Washington—Senate Judiciary Committee Ranking Member Dianne Feinstein (D-Calif.) today delivered opening remarks on Republicans’ decision to ignore Dr. Christine Blasey Ford’s credible testimony and rush through the nomination of Brett Kavanaugh:
“I’m very disappointed that we’re here today voting on this nomination, especially in light of the testimony that we heard just yesterday. My Republican colleagues spent their time at the hearing focused exclusively on partisanship and process.
The majority argued that the sexual assault Dr. Ford experienced was nothing more than a Democratic smear campaign that I’m allegedly orchestrating. My staff and I were accused of leaking Dr. Ford’s letter, which we did not. We were accused of leaking Debra Ramirez’s letter, which we did not.
We were said to have refused to participate in the partisan “investigation.” Yet, it is the Republicans who have refused to talk to Debbie Ramirez or Julie Swetnick.
Republicans also failed to mention Democrats were not notified and had no idea the Chairman’s staff had been communicating with Mark Judge, Patrick Smith, Leland Keyser, and apparently at least two other individuals who have not been named.
Instead, Democrats learned about this outreach when various letters or emails appeared in the press—and in one case we learned about the Republican staff outreach at 10 p.m. the night before the hearing.
Ironically, my colleagues on the other side of the aisle have gone so far as to say this whole situation was nothing more than a nefarious attempt at political theater. I understand why they did that. The Senate is a political body.
However, I was shocked to see Judge Kavanaugh take the same tone and strategy. Candidly, in my 25 years on this Committee, I have never seen a nominee for any position behave in that manner.
Judge Kavanaugh used as much political rhetoric as my Republican colleagues, and what’s more, he went on the attack. He yelled at Democrats for having the temerity to express our frustration for not having access to over 90 percent of his record and said that some Democratic members were “an embarrassment.”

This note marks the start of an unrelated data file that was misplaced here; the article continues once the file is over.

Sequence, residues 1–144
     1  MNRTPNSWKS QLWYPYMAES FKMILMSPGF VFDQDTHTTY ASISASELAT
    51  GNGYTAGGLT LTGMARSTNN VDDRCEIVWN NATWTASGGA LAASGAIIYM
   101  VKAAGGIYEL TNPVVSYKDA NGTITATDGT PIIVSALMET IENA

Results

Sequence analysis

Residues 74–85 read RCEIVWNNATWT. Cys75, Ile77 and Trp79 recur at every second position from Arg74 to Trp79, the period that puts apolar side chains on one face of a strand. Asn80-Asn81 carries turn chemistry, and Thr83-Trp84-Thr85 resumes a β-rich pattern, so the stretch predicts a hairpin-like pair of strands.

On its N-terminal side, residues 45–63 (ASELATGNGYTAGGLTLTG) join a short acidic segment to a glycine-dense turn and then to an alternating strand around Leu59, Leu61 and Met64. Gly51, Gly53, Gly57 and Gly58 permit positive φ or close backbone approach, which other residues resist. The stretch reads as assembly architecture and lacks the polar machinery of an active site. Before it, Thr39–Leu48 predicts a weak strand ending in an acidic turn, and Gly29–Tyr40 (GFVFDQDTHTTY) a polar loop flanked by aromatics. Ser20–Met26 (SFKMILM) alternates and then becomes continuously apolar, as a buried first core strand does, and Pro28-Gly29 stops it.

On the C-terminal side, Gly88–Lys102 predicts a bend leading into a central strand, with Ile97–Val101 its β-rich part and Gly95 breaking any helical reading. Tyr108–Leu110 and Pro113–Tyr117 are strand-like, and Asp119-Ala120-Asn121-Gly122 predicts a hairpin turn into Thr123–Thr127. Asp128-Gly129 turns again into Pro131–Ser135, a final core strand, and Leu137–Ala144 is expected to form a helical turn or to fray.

He accused Democrats of “lying in wait” and replacing “advice and consent with search and destroy.” He even went so far as to say that Dr. Ford’s allegations were nothing more than “a calculated and orchestrated political hit, fueled with apparent pent up anger about President Trump and the 2016 election ... “ and “Revenge on behalf of the Clintons.” Unbelievable!
This was not someone who reflected an impartial temperament or the fairness and evenhandedness one would see in a judge. This was someone who was aggressive and belligerent.
I have never seen someone who wants to be elevated to the highest court in our country behave in that manner. In stark contrast, the person who testified yesterday and demonstrated a balanced temperament was Dr. Ford.
She gave powerful testimony about her experience of being physically and sexually assaulted by Brett Kavanaugh. She started by saying how she was terrified to be before the committee but she felt it was her civic duty to tell us what happened to her.
She recounted her experience. “I tried to yell for help. When I did, Brett put his hand over my mouth to stop me from yelling. This is what terrified me the most, and has had the most lasting impact on my life. It was hard for me to breathe and I thought that Brett was accidentally going to kill me. Both Brett and Mark were drunkenly laughing during the attack. They seemed to be having a very good time.